Better night’s sleep thanks to intelligent assistants
A further novelty is the sleep tracker “Sleep” by the French Company Withings from Issy-les-Moulineaux. Their special sleep sensor mat is filled with air and placed under the mattress where it can synchronise with a smartphone via WLAN. If the user lies down to go to sleep, the clever digital monitors analyse the quality of sleep. On the corresponding app, parameters such as sleep duration, sleep depth and sleep regularity can be viewed; the mat even precisely records snoring that disturbs sleep.
‘We want to help anchor healthy sleeping habits’, says Ariane Koch, Brand Marketing Specialist at Withings. She says that this will happen via tips displayed by the app such as reminders to finally go to bed or put the smartphone aside. And restless nights due to bad eating or drinking behaviour could also be instructive. ‘Only when you see how well or badly you’ve slept can you improve your sleep’, says Ariane Koch.
Learning from top athletes
Nick Littlehales will once again be coming to Heimtextil. The well-known sleep coach of top athletes such as the five-time world champion footballer Cristiano Ronaldo and four-time Formula 1 world champion Lewis Hamilton will be talking in the “Sleep! The Future Forum” about how even top sporting superstars whose sleep has already been optimised several times can still be improved. In interviews, Littlehales, who was involved in the development of a smart pillow to monitor sleep, emphasises that the tips offered to professionals can also be employed by non-sportspeople.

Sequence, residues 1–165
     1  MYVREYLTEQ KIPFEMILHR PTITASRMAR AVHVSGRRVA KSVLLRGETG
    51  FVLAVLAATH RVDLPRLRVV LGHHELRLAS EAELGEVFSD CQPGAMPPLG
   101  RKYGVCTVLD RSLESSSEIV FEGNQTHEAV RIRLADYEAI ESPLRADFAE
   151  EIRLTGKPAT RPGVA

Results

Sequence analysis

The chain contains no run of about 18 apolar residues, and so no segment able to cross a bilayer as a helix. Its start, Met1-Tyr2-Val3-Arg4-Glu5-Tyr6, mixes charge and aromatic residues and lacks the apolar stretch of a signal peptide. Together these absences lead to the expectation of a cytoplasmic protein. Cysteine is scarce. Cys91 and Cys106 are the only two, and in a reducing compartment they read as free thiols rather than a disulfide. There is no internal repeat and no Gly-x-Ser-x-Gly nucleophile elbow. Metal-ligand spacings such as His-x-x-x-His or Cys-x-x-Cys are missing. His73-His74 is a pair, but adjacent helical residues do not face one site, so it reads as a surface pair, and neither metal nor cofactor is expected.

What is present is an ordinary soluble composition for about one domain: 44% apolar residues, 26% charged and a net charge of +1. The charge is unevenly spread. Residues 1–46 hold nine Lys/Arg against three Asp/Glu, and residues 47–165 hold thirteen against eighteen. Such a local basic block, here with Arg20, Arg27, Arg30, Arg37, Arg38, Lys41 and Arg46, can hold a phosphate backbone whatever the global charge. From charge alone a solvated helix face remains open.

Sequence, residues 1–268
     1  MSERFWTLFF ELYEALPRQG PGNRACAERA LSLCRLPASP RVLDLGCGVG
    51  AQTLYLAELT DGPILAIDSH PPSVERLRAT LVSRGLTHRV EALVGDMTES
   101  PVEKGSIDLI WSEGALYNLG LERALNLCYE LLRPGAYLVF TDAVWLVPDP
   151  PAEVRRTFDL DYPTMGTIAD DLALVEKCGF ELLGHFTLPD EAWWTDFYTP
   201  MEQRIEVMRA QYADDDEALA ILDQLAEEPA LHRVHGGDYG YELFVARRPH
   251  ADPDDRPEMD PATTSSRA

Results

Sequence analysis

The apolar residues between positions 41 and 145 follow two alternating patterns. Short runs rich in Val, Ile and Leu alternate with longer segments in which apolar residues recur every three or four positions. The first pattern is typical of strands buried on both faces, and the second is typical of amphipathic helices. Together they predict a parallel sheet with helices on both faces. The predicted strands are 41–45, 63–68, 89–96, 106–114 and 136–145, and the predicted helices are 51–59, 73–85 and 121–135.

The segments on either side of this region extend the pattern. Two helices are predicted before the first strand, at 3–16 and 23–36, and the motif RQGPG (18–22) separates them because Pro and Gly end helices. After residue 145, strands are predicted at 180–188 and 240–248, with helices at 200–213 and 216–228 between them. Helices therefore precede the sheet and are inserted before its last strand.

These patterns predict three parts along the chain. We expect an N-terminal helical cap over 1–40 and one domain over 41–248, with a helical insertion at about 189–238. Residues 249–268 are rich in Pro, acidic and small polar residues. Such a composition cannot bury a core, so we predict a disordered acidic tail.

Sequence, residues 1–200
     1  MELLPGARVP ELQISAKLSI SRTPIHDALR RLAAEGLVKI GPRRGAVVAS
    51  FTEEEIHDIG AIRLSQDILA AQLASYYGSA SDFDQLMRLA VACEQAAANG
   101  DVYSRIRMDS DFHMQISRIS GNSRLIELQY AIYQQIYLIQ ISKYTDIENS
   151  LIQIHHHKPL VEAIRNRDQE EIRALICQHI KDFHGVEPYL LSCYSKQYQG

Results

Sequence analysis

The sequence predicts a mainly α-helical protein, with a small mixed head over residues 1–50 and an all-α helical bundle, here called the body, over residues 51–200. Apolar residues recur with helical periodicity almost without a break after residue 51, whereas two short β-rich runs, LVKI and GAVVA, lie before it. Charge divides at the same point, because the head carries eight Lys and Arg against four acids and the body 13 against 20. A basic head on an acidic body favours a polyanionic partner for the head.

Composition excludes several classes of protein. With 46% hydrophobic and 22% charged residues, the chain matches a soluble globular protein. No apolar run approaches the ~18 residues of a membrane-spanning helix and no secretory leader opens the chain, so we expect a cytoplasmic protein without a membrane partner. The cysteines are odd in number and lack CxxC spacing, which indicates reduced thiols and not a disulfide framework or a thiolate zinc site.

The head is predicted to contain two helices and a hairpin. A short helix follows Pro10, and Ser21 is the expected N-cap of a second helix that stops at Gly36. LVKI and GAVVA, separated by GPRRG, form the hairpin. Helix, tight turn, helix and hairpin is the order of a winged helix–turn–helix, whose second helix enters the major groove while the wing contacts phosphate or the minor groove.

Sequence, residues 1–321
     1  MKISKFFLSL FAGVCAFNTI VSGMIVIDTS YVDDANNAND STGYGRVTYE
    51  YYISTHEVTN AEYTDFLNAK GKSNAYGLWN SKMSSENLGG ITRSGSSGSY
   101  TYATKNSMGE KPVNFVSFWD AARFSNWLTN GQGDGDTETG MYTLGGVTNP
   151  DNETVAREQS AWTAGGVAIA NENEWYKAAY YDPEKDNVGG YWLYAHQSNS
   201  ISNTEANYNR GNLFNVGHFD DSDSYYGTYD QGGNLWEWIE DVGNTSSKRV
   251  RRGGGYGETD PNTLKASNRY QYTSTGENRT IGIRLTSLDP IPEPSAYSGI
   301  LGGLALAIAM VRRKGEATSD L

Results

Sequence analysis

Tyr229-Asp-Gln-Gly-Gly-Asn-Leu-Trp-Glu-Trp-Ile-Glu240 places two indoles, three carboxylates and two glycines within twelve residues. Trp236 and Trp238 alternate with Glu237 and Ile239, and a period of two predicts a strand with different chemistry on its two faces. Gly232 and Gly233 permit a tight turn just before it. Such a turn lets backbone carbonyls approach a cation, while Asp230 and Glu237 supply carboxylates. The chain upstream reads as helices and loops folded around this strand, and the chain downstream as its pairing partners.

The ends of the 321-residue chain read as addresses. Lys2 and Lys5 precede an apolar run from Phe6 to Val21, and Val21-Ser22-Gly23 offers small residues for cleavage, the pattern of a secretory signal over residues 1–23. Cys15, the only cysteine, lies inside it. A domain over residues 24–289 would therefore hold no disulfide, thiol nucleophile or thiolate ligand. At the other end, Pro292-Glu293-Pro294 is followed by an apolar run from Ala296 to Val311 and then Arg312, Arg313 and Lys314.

Elisabeth Brandau agrees. The multiple German mountain bike champion has set herself the goal of passing on her experiences relating to optimal sleep. ‘Stress is a permanent condition for many people today’, explains the 30-year-old Schönaich resident, who trains for two to three hours a day, raises two children, works as a non-medical practitioner and business coach and also runs the EBE-Racing team. ‘A high-performance day begins with a restful night’, says Brandau, who will explain to Heimtextil visitors how a good night’s sleep affects the performance of athletes – and how everyone can benefit from this knowledge.
World première: staying overnight in the most unusual places
At Heimtextil, the start-up Sleeperoo will be presenting an extraordinary world première for the hotel industry: the sleep capsule “Sleep Cube” is aimed at offering overnight experiences in the most exotic places possible. The modern version of a tent can be can be installed indoors or outdoors in almost any location. The user sleeps in the Sleep Cube on a comfortable 1.60 metre wide and 2 metre long mattress that can also accommodate two adults. The overall furnishings comprise sustainably produced materials. Three large panoramic windows ensure a view of the surroundings and the open sky. Sleeperoo founder and managing director Karen Löhnert will present her new type of overnight stay idea at the “Sleep! The Future Forum”.
Sustainability in the bedroom
More and more people are also relying on the use of natural materials and sustainably produced textiles in the bedroom. This is why the thematic block Sustainability in the lecture forum is dedicated to the material quality of textiles and the quality of their processing, in particular the verifiability of high environmental production standards. Sustainability experts from GoodWeave, Control Union, Transfair, Texool and Cotton made in Africa will be showing how retailers and consumers can find their way around the eco-label jungle with confidence.